By Kate Randall
United Nations officials said Thursday that the UN trust fund for Ebola has only $100,000 on hand, a fraction of the nearly $1 billion the world body says is needed to contain the spread of the deadly virus. While the UN fund has received pledges of about $20 million from various governments, it has received only $100,000 in actual cash deposits, and that from only one country, Colombia.
The failure of the US, Western Europe and other wealthier nations to provide needed resources to confront the Ebola outbreak is indicative of governmental indifference, as the crisis intensifies in Guinea, Liberia and Sierra Leone and cases are diagnosed outside West Africa. While donor countries have given about $376 million in cash and non-cash contributions to other UN programs, the trust fund itself—a flexible cash resource vital to fighting Ebola—remains scandalously underfunded.
The World Health Organization (WHO) warned that as many as 10,000 new cases of Ebola a week could develop in the three hardest-hit West African countries by December 1. At a news conference Tuesday, WHO Assistant Director-General Bruce Aylward said the death toll now exceeds 4,400, with more than 8,900 confirmed cases since March.
Aylward said that while there were fewer cases in some of the worst affected areas, there were troubling signs that new areas of West Africa were reporting cases. There are also an increasing number of Ebola cases in the capital cities of the three countries most severely hit. The outbreak continues to wreak economic havoc on the region.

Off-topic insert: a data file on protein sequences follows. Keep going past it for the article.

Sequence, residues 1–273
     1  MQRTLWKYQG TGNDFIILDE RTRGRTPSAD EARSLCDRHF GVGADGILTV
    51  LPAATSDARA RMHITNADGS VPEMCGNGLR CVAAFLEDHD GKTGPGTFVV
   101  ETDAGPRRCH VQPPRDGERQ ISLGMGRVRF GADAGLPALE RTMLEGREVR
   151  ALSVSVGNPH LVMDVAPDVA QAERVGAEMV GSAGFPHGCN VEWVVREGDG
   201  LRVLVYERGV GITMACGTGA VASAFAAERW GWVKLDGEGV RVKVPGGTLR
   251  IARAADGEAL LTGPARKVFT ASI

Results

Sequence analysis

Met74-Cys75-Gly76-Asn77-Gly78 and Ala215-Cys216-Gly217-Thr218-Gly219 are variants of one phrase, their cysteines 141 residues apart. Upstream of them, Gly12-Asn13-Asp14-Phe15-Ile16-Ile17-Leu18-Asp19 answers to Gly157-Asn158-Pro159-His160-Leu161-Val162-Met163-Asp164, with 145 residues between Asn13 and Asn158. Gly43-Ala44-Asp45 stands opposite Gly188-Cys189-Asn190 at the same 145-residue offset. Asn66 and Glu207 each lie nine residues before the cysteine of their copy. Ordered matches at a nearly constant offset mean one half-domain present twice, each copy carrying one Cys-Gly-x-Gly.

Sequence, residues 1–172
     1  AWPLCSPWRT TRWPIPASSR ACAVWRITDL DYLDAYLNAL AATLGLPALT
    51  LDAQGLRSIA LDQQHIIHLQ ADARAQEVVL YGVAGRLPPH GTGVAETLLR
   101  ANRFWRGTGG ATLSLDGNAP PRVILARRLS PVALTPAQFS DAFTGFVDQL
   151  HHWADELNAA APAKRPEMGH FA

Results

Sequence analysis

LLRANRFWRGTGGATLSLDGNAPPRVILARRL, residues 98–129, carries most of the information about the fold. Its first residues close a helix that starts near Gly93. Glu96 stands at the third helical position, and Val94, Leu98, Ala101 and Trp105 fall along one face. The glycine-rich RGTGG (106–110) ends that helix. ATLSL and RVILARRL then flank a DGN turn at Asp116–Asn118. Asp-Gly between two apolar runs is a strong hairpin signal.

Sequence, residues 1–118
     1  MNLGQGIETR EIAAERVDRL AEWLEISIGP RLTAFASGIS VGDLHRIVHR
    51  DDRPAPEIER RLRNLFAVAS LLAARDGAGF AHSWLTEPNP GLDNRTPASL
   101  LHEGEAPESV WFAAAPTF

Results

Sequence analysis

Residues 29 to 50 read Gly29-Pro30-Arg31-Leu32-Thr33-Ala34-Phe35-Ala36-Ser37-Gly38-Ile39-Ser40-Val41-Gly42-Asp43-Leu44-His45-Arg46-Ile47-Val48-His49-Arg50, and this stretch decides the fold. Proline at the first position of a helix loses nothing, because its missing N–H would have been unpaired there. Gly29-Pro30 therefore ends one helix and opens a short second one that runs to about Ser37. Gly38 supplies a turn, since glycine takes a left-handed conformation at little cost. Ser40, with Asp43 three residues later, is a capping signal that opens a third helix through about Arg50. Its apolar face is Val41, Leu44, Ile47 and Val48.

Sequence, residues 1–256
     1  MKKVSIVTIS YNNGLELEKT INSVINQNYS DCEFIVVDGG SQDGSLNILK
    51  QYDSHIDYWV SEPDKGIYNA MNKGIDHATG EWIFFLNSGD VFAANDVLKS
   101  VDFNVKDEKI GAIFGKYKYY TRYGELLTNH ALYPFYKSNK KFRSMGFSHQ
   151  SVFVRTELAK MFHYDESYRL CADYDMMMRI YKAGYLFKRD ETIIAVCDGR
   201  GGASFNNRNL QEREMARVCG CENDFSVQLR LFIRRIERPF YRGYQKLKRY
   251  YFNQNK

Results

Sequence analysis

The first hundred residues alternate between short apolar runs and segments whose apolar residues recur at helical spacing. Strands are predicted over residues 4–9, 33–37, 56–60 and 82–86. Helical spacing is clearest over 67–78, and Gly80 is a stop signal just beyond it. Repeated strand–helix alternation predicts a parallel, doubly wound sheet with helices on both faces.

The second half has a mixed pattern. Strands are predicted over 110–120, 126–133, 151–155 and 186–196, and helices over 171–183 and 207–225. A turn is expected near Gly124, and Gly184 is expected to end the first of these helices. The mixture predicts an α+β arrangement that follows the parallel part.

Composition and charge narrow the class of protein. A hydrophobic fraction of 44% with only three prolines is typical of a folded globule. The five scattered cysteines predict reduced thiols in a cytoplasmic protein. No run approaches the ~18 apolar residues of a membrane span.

Food prices have risen by an average of 24 percent across Guinea, Sierra Leone and Liberia, with some families forced to reduce their intake to one meal a day, the World Food Program reported Friday. In Monrovia, the Liberian capital, prices of the main staple foods, Cassava and imported rice, have risen by 30 percent.
Food producing regions in the three countries have some of the highest infection rates, and hundreds of farmers have died. Quarantines and restricted movement of the population—introduced by government authorities to contain the virus—have led to food scarcity and panic buying, further pushing up prices.
Supplies vital to fight the spread of the hemorrhagic fever are in woefully short supply. In a grim statement, the health ministry in Liberia reported that in the next six months it will need more than 85,000 body bags, which are crucial in preventing the spread of the virus, but it has less than 5,000 on hand. The country also has a severe shortage of other vital supplies, including protective suits, facemasks, gloves and goggles.
The governmental response to this dire situation in West Africa—and reports of a handful of new cases in Senegal, Nigeria, Spain and the US—has been particularly reprehensible in the US. The Obama administration is not making available the billions of dollars needed to provide human resources and supplies to the disease-ravaged region. Rather, it has seized on the humanitarian crisis as an opportunity to order the dispatch of active-duty troops to Liberia to secure a base for its African Command (AFRICOM).
On Thursday, Obama issued an executive order allowing the Pentagon to call up Reserve and National Guard troops to be sent to West Africa “to augment the active Armed Forces of the United States for the effective conduct of Operation United Assistance, which is providing support to civilian-led humanitarian assistance.”
The White House has come under increasing criticism over the authorities’ response to the first three cases of Ebola in the US. Thomas Eric Duncan, a Liberian, died October 6 at Texas Health Presbyterian Hospital in Dallas, Texas. He was initially released from the hospital despite having a fever and other symptoms and telling staff he had recently arrived from West Africa.